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result, the catalog s organization and content were not necessarily transparent to the user, and its use was at times extremely dif cult. Library of Congress card distribution scheme Along with the ALA, the Library of Congress has had the greatest impact on the standardi- zation of practices in US libraries historically. OCLC (Online Computer Library Center, for- merly the Ohio College Library Center) was to join them as a third force in the years follow- ing its creation in 1971. I have described the importance of the Library of Congress s subject headings lists, its classi cation scheme, and its cataloging rules. But perhaps what most con- solidated the influence of the Library of Congress and led to the widespread adoption of the cataloging principles and practices it endorsed and so contributed to the general standardization of library operations across the nation was its card distribution scheme. This permitted libraries to order copies of the cata- log cards the Library of Congress had prepared for its own use instead of cataloging a book or other item themselves. Libraries from around the country (and eventually from around the world) could order sets of catalog cards for items that they wished to incorporate into their collections. Introduced in 1901, the card dis- tribution scheme had become more or less self- supporting by 1903, so great and immediate was the demand for the service. As Jane Rosenberg has observed, Library of Congress cards changed the American library world they standardized library processing and made it more efficient. Rosenberg notes that, by 1935, there were 5,738 subscribers to the card service. 24 Later, to deal with increasing volumes of publication and the strains this imposed on it, the Library of Congress instituted a number of schemes for cooperative cataloging. A select group of accredited research libraries, for example, already sending in cards to the National Union Catalog , contributed their cata- loging to the card distribution service. The library s cataloging-in-publication (CIP) project is a variant of this idea of centrally produced, locally consumed cataloging data: The CIP program began in 1971 as a special proj- ect, funded in part by grants from the Council on Library Resources Inc. and the National Endowment for the Humanities. Since then the CIP program has evolved from creating 6,500 pre-publication cataloging records during its rst year to creating more than 57,000 catalog records annually. 25 Publishers send prepublication copies of their books, or core selected portions designated by the library, to the library, which prepares skele- tal cataloging data that is then usually pub- lished on the verso of a book s title page. Additionally, various cooperative acquisitions schemes have been created in which cataloging is done elsewhere (in some cases outside the US) and accepted by the library for subsequent national distribution. One of the perhaps unexpected conse- quences of the Library of Congress card distri- bution scheme was that it reduced the importance of cataloging as a central disci- pline in library schools. This was especially so for those whose professional lives were to be spent outside the research library milieu, where original cataloging would not general- ly be needed. Library of Congress printed catalogs The Library of Congress s influence within the library community was further extended by two major bibliographic publications, which had become possible with the intro- duction of photo-offset printing. First, in 1942 the library published its own card catalog in 167 volumes. 26 It issued various supplements subsequently. Second, it undertook to publish the National Union Catalog, Pre-1956 Imprints from card files that had been cumulating for nearly 70 years. This required 754 large vol- umes and took 13 years to complete. 27 What might have seemed at the time an apotheosis pales, however, when compared to the extra- ordinary expression the union catalog idea has received through today s sophisticated Web- based technology. Cooperative cataloging in the print world based on the conventions, tools, and practices of the kind previously described in the com- puter world has created the enormous databas- es developed by the modern bibliographic utilities such as OCLC and RLIN (Research Libraries Information Network). These data- bases represent the latest developmental stage of speculative schemes formulated in the mid- 19th century, that were instantiated in the card distribution service of the Library of Congress at the turn of the 20th century, and 60 years later given monumental expression in the printed National Union Catalog, Pre-1956 Imprints . Now they incorporate the cataloging data produced not only by the Library of Congress but by other national libraries from around the world as well as cataloging data supplied by an enormous membership of libraries of various kinds. April June 2002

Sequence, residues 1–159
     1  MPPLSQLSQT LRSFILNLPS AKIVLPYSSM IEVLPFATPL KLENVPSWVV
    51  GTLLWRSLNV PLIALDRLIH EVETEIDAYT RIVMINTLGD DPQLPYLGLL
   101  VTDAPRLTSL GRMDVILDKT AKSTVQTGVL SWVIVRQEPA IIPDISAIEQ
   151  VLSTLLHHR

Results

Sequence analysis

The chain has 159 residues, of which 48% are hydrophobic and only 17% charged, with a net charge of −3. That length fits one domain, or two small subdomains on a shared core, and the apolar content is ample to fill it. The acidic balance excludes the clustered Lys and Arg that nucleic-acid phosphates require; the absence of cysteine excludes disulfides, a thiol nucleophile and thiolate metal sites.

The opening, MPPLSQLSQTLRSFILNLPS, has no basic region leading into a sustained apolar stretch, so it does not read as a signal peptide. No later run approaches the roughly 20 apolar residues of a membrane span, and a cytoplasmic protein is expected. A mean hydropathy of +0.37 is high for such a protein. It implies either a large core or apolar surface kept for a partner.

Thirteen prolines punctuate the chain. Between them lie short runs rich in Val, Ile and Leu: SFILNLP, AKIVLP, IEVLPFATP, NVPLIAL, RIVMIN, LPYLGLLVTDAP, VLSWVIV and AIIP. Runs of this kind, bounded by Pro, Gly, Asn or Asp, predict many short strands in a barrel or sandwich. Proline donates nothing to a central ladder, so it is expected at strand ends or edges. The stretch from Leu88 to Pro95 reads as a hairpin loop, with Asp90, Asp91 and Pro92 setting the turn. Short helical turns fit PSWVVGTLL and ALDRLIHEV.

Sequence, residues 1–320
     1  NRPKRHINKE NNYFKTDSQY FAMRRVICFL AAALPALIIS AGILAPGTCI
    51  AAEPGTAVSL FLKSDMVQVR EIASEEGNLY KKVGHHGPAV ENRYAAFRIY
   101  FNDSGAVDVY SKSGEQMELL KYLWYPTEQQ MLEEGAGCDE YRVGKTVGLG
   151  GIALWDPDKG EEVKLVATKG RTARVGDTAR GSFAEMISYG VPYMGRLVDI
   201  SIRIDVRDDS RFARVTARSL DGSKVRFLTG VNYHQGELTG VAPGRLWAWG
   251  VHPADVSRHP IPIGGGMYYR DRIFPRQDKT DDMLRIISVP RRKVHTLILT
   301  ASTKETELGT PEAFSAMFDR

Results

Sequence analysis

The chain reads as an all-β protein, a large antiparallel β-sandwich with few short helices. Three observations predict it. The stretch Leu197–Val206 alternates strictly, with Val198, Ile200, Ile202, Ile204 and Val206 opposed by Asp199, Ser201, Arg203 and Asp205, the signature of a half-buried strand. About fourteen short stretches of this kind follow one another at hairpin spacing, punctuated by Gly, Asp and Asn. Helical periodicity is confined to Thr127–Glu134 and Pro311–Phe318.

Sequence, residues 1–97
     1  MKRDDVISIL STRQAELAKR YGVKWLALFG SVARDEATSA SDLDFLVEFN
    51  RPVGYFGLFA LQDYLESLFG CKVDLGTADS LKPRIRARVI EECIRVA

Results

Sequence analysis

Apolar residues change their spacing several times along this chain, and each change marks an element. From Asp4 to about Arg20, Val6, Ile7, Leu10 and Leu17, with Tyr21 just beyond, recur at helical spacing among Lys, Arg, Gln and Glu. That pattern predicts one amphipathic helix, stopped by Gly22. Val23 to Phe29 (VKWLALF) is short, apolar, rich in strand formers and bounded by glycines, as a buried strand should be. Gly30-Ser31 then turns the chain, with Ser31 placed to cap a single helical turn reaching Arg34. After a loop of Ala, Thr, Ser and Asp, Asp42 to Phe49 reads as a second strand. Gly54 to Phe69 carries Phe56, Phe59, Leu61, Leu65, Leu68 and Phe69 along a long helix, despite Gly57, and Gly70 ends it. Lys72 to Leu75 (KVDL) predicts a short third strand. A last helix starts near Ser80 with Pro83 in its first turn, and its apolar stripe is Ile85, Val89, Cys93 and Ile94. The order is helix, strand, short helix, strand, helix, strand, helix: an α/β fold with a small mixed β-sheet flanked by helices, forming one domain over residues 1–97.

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Document supply services The dictionary card catalog s major function was to provide library users with information about books and other material in the library. The library s bibliographical reference tools, especially indexing and abstracting services for periodicals, provided information not only about what was available in the library but also about what was not. Librarians developed tools and systems to enable them to obtain such materials either on loan or, with the advent of various photocopying technologies, as copies of what was needed. Union catalogs, such as the National Union Catalog and the huge Union List of Serials published initially commercially but consolidated by the Library of Congress and continued by it as New Serial Titles , were important to this function. 28 Codes of practice for interlibrary lending were developed nation- ally and internationally through IFLA. Most modern libraries were fully accustomed by the 1930s to the idea that, through their reference and interlibrary lending functions, they pro- vided what might be called gateways to wider stores of library materials, of which their own collections were part, than any one of them could hope to possess. These were functions profoundly to be affected by computerization, especially by recent Web-based technologies. Most libraries (except the great reference and research libraries), having registered legit- imate users, permit them to borrow materials. This was, after all, a basic library function. It necessitated the formulation of rules and regu- lations about what could be borrowed, by whom (at what age were children able to bor- row adult materials?), for how long, and the consequences of delinquency. Various systems to manage records of who borrowed and what was borrowed were developed and again stan- dardized the Brown and Newark systems, for example, were widespread card systems in the days before computing. These along with vari- ous photo-charging systems identified what books were on loan, allowed the books when necessary to be recalled or to be reserved for loan to others, and of course, identi ed mate- rials whose return was overdue. As simple- minded as they might have seemed, such systems were an integral part of library tech- nology and were indispensable for the control of the extramural use of library collections. 29 It was this function because of its clerical, repeti- tive nature that particularly attracted early experimental technological applications. Libraries precomputer technological base The precomputer technology that under- girded the traditional library organization nec- essarily involved a number of discrete subsys- tems that were physically and organizationally separated from each other the catalog, shelf list, circulation system, acquisitions system, periodicals and serial check-in systems, and binding system, for example. This range of subsystems with their catalog cards, paper files, card trays and cabinets, along with the data they manipulated and the practices their effective operation required were, always with local adaptations and variations, pretty much standardized throughout US libraries. With the development of the ideal of a single integrated computer-based library system, which comput- ing made possible and which was dramatized in the mid-1970s by the experimental systems at the University of Chicago 30 and Northwestern University Library, 31 the former eventually fail- ing, the latter becoming a successfully com- mercialized product, NOTIS (Northwestern Online Totally Integrated System) this system fragmentation would be recognized as a major drawback to efficient library operations. However, it was based on organizational reali- ties that were not easy to change. The library marketplace Modern libraries became, over time, a not inconsiderable marketplace. Book trade pub- lishers, scholarly and scientific societies and commercial publishers of indexing and abstracting services, and library jobbers and suppliers were active in it, competing to pro- vide both materials and services to libraries. Of particular importance were the jobbers and suppliers from whom, in a kind of early out- sourcing, libraries obtained components of their technical processing work. Perhaps the first of these agencies was Melvil Dewey Library Bureau, formally established in 1881. Its main business, before it expanded into the general of ce market, was to supply card stock and equipment to libraries. 33 Depending on a particular library s needs and the nature of the materials involved, a jobber not only might obtain materials ordered by a library but might also process them in a preliminary way for incorporation into the library, such as by sup- plying catalog copy, inserting book pockets, laminating book jackets, and so on. A particu- larly important group are periodical subscrip- tion agents because of the range of dif culties this kind of material presents. The library marketplace was to become fur- ther differentiated when various computer- based entrepreneurs and systems developers became active in it. The dimensions of the 10 IEEE Annals of the History of Computing A History of Computer Applications in Libraries